Saturday, May 16, 2009

Spike Lee, Student-Athletes and Education

Tonight ESPN will air a documentary about Kobe Bryant by Spike Lee. With Spike Lee in the news, and Penn State's Graduation weekend here, I wanted to share a story.

Spike Lee is a filmmaker who has been both praised and criticized for his views on a range of topics. His 1989 film “Do the Right Thing” was responsible for a whole wave of discussion on the subject of urban race relations in this country. For everyone (like myself) who loved the movie, there was someone who would argue that it promoted violence.
But that has been at the heart of his greatest moments--an ability to spur discussion and dialogue.

Spike Lee has created a vast and widely diverse range of projects---from the aforementioned “Do The Right Thing” to “Jungle Fever” to “Summer of Sam” to “25th Hour” to his famous Mars Blackmon Nike ads with Michael Jordan. In my mind two of his most powerful films were “Malcolm X” and the documentary “When The Levee Breaks”—about Hurricane Katrina’s aftermath.

Back in 2005 I was fortunate enough to have a chance to talk with Spike Lee. For about a half an hour prior to a speech he made at Penn State’s Eisenhower Auditorium we talked on a range of subjects. I took quarterback Michael Robinson and defensive end Matt Rice with me to meet someone they both idolized.

In the discussion about student-athletes, Spike Lee made a comment about the student-athletes being used, and deserving to be paid to play. He referred to the NCAA’s system of amateurism in big-time football and basketball as a glorified plantation system.

In the next few minutes I gained respect for Spike Lee—because he engaged in a give and take discussion with me on the subject. His views were not set in stone. He was as good a listener as he was in passing on wisdom he had gained in his groudbreaking career.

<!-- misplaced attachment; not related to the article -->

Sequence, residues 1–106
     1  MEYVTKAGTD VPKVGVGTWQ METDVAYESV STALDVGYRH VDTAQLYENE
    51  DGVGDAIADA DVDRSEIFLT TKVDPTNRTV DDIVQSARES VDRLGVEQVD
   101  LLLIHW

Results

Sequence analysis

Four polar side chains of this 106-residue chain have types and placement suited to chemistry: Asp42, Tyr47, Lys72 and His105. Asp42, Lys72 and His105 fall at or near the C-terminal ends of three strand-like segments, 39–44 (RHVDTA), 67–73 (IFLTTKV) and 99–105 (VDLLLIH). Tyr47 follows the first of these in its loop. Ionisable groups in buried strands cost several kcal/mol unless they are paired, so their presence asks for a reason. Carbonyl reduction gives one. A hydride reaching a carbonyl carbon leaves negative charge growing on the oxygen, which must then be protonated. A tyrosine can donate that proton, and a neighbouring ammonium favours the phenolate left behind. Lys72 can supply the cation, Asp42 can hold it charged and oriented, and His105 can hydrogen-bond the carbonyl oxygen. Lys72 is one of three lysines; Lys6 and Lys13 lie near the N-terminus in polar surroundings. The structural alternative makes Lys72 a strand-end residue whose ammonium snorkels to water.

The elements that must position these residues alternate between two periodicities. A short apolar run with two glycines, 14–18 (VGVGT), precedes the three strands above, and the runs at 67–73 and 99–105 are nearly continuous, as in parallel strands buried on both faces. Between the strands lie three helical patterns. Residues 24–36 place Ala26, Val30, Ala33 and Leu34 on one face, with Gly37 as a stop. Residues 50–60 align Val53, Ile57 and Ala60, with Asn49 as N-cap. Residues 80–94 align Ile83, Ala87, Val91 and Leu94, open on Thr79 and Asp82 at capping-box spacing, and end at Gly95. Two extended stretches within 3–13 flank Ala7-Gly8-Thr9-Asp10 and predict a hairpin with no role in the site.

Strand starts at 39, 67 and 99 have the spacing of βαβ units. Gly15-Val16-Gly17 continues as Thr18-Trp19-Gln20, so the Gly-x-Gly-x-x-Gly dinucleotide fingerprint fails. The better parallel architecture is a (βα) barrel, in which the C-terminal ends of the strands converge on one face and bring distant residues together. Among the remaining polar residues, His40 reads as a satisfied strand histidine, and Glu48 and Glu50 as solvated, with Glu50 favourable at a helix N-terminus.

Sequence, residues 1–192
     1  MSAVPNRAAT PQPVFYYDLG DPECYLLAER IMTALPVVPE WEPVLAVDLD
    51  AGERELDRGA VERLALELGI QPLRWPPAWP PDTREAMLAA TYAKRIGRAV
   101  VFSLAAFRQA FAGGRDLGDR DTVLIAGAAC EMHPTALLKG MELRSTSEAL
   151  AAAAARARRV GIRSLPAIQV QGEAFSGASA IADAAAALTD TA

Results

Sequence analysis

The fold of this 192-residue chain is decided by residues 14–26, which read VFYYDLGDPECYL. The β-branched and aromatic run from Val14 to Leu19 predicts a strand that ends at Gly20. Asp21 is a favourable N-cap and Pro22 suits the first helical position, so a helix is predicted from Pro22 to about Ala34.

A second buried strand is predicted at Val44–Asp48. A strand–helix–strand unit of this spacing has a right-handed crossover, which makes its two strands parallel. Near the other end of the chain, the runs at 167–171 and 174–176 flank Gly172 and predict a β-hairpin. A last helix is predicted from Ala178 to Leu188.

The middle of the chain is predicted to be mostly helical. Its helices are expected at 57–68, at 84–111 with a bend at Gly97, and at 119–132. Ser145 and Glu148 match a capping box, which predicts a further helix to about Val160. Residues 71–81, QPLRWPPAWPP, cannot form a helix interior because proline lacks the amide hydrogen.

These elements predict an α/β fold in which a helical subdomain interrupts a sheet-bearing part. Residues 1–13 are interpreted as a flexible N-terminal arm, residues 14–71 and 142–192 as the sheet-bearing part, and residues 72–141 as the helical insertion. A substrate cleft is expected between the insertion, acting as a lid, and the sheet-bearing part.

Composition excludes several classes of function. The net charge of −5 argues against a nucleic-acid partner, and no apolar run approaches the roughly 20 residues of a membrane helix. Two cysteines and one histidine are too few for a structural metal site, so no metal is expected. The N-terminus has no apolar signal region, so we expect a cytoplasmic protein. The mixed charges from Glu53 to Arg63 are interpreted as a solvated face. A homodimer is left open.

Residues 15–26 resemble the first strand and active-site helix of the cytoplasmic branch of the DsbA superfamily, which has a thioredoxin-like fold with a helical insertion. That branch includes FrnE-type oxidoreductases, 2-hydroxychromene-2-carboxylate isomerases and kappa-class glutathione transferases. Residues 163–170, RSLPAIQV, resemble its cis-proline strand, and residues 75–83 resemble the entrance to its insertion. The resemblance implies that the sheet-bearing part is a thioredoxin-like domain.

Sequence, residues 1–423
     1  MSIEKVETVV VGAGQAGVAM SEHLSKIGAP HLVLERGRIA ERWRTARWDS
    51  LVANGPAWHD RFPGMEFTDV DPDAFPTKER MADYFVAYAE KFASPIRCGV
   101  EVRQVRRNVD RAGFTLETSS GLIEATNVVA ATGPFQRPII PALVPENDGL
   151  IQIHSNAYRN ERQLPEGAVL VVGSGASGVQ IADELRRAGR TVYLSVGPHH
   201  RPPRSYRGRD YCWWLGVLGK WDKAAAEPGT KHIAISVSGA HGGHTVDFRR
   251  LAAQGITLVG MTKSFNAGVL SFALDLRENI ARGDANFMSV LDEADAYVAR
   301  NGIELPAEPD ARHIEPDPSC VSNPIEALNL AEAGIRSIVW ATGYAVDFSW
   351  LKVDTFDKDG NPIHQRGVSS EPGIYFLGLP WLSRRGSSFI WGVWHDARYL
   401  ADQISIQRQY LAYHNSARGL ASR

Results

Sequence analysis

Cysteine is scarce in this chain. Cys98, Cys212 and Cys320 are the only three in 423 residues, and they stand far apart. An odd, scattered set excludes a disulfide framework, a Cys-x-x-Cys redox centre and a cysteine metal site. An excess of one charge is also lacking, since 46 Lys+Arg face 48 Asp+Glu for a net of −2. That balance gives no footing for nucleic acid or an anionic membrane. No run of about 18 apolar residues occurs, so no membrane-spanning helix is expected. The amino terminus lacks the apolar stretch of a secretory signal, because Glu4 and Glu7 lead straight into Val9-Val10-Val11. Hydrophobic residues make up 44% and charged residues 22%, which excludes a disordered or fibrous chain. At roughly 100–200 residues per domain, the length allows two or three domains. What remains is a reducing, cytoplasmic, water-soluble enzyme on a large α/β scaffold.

What we agreed upon was this: The student-athletes getting “used” were the ones who did not get their education. Student-athletes should demand that universities respect and honor their right to get the education they want. Unfortunately, far too many are getting used by the system.

I pointed out that Penn State's African-American Football Players routinely graduate at a rate of about 80%--roughly the same graduation rate of all Penn State students and well above the national average for African-American Football Student-Athletes (around 50%).

We ask a lot of our players, but the NCAA has rules we adhere to: In-season we are only allowed to use 20 hours a week for football, in the off-season that numbers drops to 8 hours a week.

I asked Spike Lee that if I offered him a chance to work 20 hours a week for 18 weeks and 8 hours a week the rest of the year—and that would enable him to graduate from college debt-free—would he take it?

Like most people, he answered yes.

In his speech that night in Eisenhower Auditorium he did talk about college athletics. When he was critical of the system he paused and mentioned Penn State’s stellar graduation rate and commitment to academics--was the exception.

With graduation weekend here at Penn State, it is a good time to remember what sets Penn State apart from so many other schools—that commitment to academic and athletic excellence that is second to none nationally.